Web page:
According to a study published this week in The New England Journal of Medicine
, HER2-positive women can be effectively treated with Herceptin (trastuzumab injection) without the use of Adriamycin, a drug that raises the risk of permanent heart damage. Herceptin—a molecularly targeted drug that is designed for HER2-positive patients with early-stage breast cancer, who comprise about 20% to 25% of new breast cancer diagnoses each year—when combined with carboplatin and Taxotere as chemotherapy, appears to increase survival of patients who are at risk of developing a particularly aggressive form of the disease.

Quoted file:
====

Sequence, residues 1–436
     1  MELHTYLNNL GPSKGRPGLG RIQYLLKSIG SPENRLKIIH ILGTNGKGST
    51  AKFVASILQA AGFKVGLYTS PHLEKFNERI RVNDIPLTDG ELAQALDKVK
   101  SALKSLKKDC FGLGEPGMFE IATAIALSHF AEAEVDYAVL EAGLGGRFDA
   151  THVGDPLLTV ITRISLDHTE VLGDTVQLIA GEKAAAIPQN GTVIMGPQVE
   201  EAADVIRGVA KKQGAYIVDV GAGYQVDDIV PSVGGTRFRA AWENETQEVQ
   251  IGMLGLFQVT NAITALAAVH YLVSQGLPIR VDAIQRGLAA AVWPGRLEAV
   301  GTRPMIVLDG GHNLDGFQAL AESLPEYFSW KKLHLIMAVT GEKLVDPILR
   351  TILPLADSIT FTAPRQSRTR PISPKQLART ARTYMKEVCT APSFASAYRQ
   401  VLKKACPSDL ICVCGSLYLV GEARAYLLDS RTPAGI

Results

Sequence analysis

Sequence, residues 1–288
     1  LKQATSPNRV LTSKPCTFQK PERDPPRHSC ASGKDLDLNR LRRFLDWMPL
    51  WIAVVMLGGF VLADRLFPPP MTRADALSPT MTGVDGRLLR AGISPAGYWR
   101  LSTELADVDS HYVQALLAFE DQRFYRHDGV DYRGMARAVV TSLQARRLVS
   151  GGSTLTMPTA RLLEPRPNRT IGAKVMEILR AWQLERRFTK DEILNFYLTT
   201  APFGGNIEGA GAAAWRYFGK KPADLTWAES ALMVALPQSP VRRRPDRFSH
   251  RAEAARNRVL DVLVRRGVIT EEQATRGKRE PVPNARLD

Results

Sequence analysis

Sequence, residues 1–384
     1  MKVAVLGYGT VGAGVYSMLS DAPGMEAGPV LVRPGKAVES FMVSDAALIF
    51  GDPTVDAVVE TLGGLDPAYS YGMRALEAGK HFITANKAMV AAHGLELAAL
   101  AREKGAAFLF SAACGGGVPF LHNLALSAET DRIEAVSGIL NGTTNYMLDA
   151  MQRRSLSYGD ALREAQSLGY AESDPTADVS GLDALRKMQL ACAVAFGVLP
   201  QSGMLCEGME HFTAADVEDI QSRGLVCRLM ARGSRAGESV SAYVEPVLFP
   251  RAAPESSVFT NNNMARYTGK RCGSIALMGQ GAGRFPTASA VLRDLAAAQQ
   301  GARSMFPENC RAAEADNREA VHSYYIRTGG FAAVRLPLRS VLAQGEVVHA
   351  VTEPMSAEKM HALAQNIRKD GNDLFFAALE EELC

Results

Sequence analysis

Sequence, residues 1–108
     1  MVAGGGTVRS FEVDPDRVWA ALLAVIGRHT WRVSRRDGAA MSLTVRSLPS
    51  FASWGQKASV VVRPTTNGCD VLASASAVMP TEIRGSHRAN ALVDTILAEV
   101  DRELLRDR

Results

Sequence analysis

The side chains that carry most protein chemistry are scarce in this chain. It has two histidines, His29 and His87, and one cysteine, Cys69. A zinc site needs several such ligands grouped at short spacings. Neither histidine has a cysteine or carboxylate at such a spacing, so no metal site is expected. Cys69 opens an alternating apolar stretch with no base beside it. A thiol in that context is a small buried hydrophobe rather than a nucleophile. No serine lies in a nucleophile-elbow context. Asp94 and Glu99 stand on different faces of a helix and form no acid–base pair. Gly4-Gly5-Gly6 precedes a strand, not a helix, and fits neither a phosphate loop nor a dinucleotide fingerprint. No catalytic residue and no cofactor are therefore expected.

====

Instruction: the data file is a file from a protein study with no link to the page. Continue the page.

The study was sponsored by Sanofi-Aventis and Genentech and was funded in part by the Department of Defense, the Revlon/UCLA Women’s Cancer Research Program, the US Army Medical Research and Development Command, the National Cancer Institute, the California Breast Cancer Research Program, and the Peter and Denise Wittich Family Project for Emerging Therapies in Breast Cancer.
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